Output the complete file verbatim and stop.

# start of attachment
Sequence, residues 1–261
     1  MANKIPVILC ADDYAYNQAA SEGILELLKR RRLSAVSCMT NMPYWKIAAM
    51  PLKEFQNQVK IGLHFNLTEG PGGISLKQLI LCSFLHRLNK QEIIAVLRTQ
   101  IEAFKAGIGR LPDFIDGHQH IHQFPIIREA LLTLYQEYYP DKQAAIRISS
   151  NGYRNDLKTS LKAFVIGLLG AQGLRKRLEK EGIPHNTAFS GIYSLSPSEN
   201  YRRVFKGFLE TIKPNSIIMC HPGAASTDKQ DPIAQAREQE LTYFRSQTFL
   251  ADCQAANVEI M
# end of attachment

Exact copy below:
Sequence, residues 1–261
     1  MANKIPVILC ADDYAYNQAA SEGILELLKR RRLSAVSCMT NMPYWKIAAM
    51  PLKEFQNQVK IGLHFNLTEG PGGISLKQLI LCSFLHRLNK QEIIAVLRTQ
   101  IEAFKAGIGR LPDFIDGHQH IHQFPIIREA LLTLYQEYYP DKQAAIRISS
   151  NGYRNDLKTS LKAFVIGLLG AQGLRKRLEK EGIPHNTAFS GIYSLSPSEN
   201  YRRVFKGFLE TIKPNSIIMC HPGAASTDKQ DPIAQAREQE LTYFRSQTFL
   251  ADCQAANVEI M